FDA kremlinologists are at it again.
Investors are interpreting Tuesday's news that the agency is indefinitely delaying its decision (originally due Thursday) on Sarepta's treatment for Duchenne Muscular Dystrophy (DMD) as a sign the controversial drug has a chance. Shares were up 19 percent Wednesday afternoon.
Some see it as evidence of dissent within the FDA -- between data-oriented reviewers who don't believe Sarepta proved its drug works and higher-up officials pressured by patients, parents, and lawmakers to be flexible about a drug for a fatal condition with no other treatment options.
But reading the tea leaves this way is perilous. A delay doesn't necessarily mean the agency is leaning toward approval. All the FDA's concerns about the weakness of Sarepta's data still hold true, and approval would set a worrying precedent. If the agency bends from its scientific convictions on one drug, then it could create the expectation it may do so again.
This is the latest chapter in an exhausting saga for this drug. It was initially supposed to go in front of an FDA panel of experts in January, but the meeting was delayed by a snow storm. When it finally did get in front of a panel in April, the members voted against approval. It's rare for the FDA to go against a panel's recommendation and approve a drug anyway, but not unprecedented. That's why the market is still hanging onto hope for an approval.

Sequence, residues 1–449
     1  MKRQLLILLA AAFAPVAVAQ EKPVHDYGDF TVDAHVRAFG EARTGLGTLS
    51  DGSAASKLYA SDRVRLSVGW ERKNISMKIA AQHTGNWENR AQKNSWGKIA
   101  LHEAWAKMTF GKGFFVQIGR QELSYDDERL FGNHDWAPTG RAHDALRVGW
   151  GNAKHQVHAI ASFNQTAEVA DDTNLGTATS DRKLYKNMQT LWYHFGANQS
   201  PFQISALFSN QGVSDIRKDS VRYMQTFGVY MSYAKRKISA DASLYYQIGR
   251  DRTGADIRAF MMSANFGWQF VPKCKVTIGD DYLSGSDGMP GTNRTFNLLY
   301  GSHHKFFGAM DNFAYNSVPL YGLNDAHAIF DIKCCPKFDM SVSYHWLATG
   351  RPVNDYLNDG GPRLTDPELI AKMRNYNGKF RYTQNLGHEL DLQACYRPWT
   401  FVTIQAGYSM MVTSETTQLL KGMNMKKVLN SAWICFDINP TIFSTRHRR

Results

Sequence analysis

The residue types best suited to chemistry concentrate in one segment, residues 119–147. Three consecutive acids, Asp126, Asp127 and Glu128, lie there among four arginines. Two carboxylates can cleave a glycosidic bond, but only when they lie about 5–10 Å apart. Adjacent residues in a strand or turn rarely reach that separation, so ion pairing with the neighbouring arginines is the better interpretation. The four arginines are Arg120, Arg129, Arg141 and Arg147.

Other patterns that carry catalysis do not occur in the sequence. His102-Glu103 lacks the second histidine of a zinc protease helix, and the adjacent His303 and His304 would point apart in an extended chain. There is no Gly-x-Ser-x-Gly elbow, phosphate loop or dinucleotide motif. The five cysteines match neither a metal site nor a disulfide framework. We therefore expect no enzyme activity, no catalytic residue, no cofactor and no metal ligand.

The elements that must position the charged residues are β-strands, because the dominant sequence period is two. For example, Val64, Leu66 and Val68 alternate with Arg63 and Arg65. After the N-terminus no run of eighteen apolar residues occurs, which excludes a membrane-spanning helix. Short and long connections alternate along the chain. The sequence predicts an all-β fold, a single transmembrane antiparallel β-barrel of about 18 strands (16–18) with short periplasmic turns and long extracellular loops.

But the FDA panel's concerns about the drug are serious and far-ranging. The reviewers argued its trial results are hard to interpret. Sarepta's clinical trial only contained 12 boys, for example. Rare-disease trials tend to be small, but that's particularly miniscule. The trial was also not the sort of placebo-controlled study the FDA prefers, which creates a bevy of statistical issues.
This would not be the first time the FDA delayed a decision and still rejected a drug. The same thing played out with BioMarin's drug to treat DMD, in fact. That company had a disastrous FDA panel in November, crushing expectations for approval and hitting the company's stock price. Then, on December 18, BioMarin announced the FDA was delaying its decision on the drug, due on December 27, until early January. Shares spiked. But that early-January decision turned out to be a rejection.
The situations aren't exactly comparable. Sarepta's getting an indefinite delay. Investors are seizing on that point to hope the FDA may be succumbing to pressure or is working on a plan to approve the drug.
But that's just guessing. The more concrete evidence -- a negative panel vote and the agency's statistical doubts about the drug's trial -- points to a rejection. An already murky situation is now murkier, but the fundamental facts haven't changed.
This column does not necessarily reflect the opinion of Bloomberg LP and its owners.
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